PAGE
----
Said another way — a fine tux to rent, but one I wouldn’t buy for myself.
So which VCBs are really the future?
You might be thinking from that example that good customer service (covering for an okay product) is steering my judgement in favor of VCBs on the whole and I actually agree with you. Good customer service alone however cannot make success, but what it does do is create important touch points that foster brand affinity. My example happened to be that of a rental but speak to anyone that has purchased razors from Harry’s or loafers from Jack Erwin and they’ll tell you of these key touch points with customer service people (Bonobos calls them Ninjas) extend from the first time you sign on to the site to your first purchase and beyond.
Looking at the unit economics, it is also easy to see why some VCBs make for appealing businesses and investments, the most appealing of which use their brand to dominate certain strategic categories completely.
By that, I mean, buying from Dollar Shave Club means that I won’t be buying from Gillette. Similarly buying a mattress from Casper means I won’t be buying from Leesa, Helix, Tuft and Needles, or god forbid, Sleepy’s. Though their revenue models are vastly different (recurring low-margin subscriptions vs. a singular high-margin purchase), if you win my business you know with reasonable certainty that I’m only buying from you.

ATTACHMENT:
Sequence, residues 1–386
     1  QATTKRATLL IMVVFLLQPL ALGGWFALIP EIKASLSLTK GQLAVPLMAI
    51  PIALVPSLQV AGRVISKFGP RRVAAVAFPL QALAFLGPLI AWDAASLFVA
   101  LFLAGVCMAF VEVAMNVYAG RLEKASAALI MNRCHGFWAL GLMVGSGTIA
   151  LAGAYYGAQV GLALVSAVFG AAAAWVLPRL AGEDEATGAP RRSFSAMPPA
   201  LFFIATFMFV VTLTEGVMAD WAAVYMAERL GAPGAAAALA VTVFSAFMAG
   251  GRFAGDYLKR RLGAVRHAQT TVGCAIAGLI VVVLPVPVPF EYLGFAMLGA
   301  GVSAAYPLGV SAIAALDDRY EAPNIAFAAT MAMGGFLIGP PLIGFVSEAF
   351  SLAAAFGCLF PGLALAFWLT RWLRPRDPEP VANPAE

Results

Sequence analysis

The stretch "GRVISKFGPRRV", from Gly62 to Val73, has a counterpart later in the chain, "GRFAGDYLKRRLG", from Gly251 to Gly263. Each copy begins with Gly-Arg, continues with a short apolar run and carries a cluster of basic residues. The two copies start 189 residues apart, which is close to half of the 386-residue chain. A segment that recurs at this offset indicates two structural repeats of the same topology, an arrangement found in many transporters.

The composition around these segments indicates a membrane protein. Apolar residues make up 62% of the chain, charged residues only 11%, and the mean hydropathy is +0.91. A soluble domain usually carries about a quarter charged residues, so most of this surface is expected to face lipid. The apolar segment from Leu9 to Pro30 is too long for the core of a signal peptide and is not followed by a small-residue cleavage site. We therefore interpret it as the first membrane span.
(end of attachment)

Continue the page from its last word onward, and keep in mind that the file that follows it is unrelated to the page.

That is a game changer.
One area where this hasn’t been solved is Apparel, perhaps the most crowded category for VCBs. The problem is most people don’t buy from just one clothing brand and buying from Bonobos doesn’t preclude me from buying from Chubbies (although my actual dress sense and taste might). As a seller, I cannot know with absolute certainty that you are only using my product. Try as they might, these VCBs won’t win 100% share of that category’s respective wallet spend.
Apparel VCBs likewise have not solved the problem that traditional retailers still have of driving reliable re-purchase of their brand (in lieu of the more ideal recurring subscription revenue). And don’t even get me started on the re-purchase challenges faced by rental startups like The Black Tux or Rent The Runway (which is not a VCB by the strictest definition)
Not every one of these companies can win an individual’s business so completely as Dollar Shave Club and that creates pressure (especially in apparel) for continued marketing spend to build and keep customer loyalty.That marketing spend eats into margin and theoretically requires capital to be raised. Consequently more fundraising requires bigger exits down the line to pay for said capital. A company like Five Four Club is approaching this in an interesting way but they’re still faced with the challenges I mentioned in the previous paragraph. Apparel VCBs, therefore, will have to find their own unique ways to dominate.
All this to say, despite my reservations, I still agree with Andy Dunn’s claims that next 20 years will be huge for VCBs and their continued disruption of traditional retail. But more and more it is becoming clear that while VCBs should certainly be valued higher than traditional third-party e-commerce, not all VCBs aren’t created equal.